Nancy: I went right from my undergrad to law school in Ann Arbor at the University of Michigan. When I graduated from Michigan Law School, I took a job with a federal judge as a law clerk, which was a two-year position. That was an opportunity for me to improve my legal writing and research, and understand better the way our federal courts work, but also what is required in a professional job. It was my first and it was educational working in a government office. I moved to Chicago in 1996 and started working at Gardner Carton and Douglas as a litigation associate. After a couple of years, I moved over to the corporate department and started doing mergers and acquisitions and securities work. I was a Gardner for 10 years and then I moved over to Katten. That came about because I was on the other side of a deal from a Katten partner who, unbeknownst to me, was the head of lateral partner recruiting. A couple of years after we closed the deal he called up and said, “Would you like to come and work at Katten?” So I did, and I continued doing mergers and acquisitions and corporate governance work at Katten. Then, I got a call when I was at Katten inviting me to be the General Counsel of Allston.

Chris: When Katten’s hiring partner called, did you have clients that followed you, or did they have a need for your skills? 

Nancy: This was in September 2006. They mostly had a need for my skills. I did have some clients that followed me, and then I continued to develop my own clients after that. But I think the real deciding factor there was that I had negotiated this deal on the other side of that lawyer and he wanted somebody who could do that work again. They had an abundance of deals at that time and it was more than they could handle.

The Excitement of Corporate M&A 

Chris:  Tell us a little bit about the decision to move from litigation to the corporate side.

Nancy: I started in litigation, to be honest, because I had the clerkship experience. That was an easier transition, and for somebody who doesn’t have lawyers in the family (I grew up in a town of 500 people), I did not have a great understanding of what being a corporate M&A lawyer even entailed. Litigation seemed more accessible to me, but as I got further into it and started to make relationships with partners in the corporate department, I thought it would be more exciting to be doing stuff that was more forward-looking. In litigation, you’re always working on something that actually happened years before. And when you’re on the defense side of things, even if you do a perfect job, the clients are not super excited about the process. It’s not doing something that’s really going to grow the company or build the company. This was also in the late 90s when there was exciting stuff happening in the corporate department. That motivated my move from litigation.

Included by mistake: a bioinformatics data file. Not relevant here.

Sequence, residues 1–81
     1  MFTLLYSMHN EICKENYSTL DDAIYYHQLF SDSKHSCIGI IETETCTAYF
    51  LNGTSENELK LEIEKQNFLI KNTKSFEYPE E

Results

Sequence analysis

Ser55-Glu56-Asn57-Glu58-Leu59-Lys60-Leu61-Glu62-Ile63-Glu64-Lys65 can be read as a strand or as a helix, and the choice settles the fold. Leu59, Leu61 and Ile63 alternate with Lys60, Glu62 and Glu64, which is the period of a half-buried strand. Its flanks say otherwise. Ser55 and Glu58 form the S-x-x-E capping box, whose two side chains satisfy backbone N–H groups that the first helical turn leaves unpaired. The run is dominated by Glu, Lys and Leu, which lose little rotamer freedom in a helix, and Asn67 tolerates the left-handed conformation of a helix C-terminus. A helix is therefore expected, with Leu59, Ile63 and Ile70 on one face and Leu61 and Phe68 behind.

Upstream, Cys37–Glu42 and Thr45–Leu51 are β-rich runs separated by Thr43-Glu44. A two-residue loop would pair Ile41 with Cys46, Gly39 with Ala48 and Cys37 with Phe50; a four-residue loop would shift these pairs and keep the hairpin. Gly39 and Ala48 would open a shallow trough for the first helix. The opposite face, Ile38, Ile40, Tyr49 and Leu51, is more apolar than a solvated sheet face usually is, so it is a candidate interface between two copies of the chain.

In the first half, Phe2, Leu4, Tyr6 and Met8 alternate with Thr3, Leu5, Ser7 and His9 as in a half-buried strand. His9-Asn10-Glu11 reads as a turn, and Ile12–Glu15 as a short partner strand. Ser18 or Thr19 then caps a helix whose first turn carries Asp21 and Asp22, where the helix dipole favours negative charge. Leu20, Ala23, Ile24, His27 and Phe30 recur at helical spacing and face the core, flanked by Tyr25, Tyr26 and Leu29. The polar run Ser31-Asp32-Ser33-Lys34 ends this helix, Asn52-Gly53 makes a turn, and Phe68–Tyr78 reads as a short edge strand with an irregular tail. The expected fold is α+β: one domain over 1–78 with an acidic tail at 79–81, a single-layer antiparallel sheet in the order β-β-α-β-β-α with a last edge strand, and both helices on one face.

As General Counsel, I was glad to have that litigation experience. It’s nice to not be intimidated by litigation because I understand the process. But on the M&A side, I represented private equity firms in acquisitions and dispositions. Early on, I did a fair amount of work for utility companies who always, always have securities issues going on. I advised boards in connection with transactions. I did ESOP deals. It was a pretty broad background. My focus was really on developing the judgment that would help me in any circumstance. I was never a super-specialized lawyer, although I did have some specialties, but I liked being a generalist and being able to apply those skills to whatever would come up.

Allston Holdings and their First General Counsel

Chris: Was Allston a client of the firm or did a recruiter find you?

Nancy: In 2009, there was not a lot of deal activity going on. One of my partners at Katten asked me to be interim General Counsel for one of his clients who had a general counsel leave. They needed somebody to fill in for a few months, so I did that. I didn’t want to stay General Counsel at that company, and I remained a Katten partner throughout the experience, but I met someone there who subsequently went to Allston. She was the Executive Vice President of HR. When Allston got a new CEO who wanted to hire a General Counsel, she thought of me. That was about four years later. So, it wasn’t something that happened right away, but somebody remembered the work that I did. It was actually very similar to what happened when I transitioned from Gardner to Katten. Someone who remembered my work reached out to me and wanted me to be on their team. I wasn’t looking to leave Katten but she suggested that I have lunch with the CEO and I did. And I thought we could work well together. I liked the position that he described as someone who could help make big decisions within the company. General counsel positions can be anything from sitting in a back office to markup vendor contracts to really guiding the CEO’s decision-making. I wanted something more in line with the latter which fit what he described. 

Chris: Did they already have an in-house attorney at Allston?

Nancy: They had someone who was a compliance professional, went to law school at night, and passed the bar. So, yes, they had a lawyer who knew the company very well and was very smart, but who had really just been a member of the bar for a few months when I joined.

Chris: So, were you their first General Counsel?

Nancy: I was, yes.

Chris: Can you share with my audience who is Allston Holdings?

Nancy: Allston is a proprietary trading firm founded by three men who were floor traders and who were classmates at Harvard Business School. It’s called Allston because Allston is the neighborhood where Harvard Business School is located. Technology is a pretty big part of our business. We trade commodity futures, interest rate futures, and financial futures using advanced technology.

Chris: How large is the company headcount?

Nancy: We have 85 employees that are mostly located in Chicago with others located in Houston, New York, and London.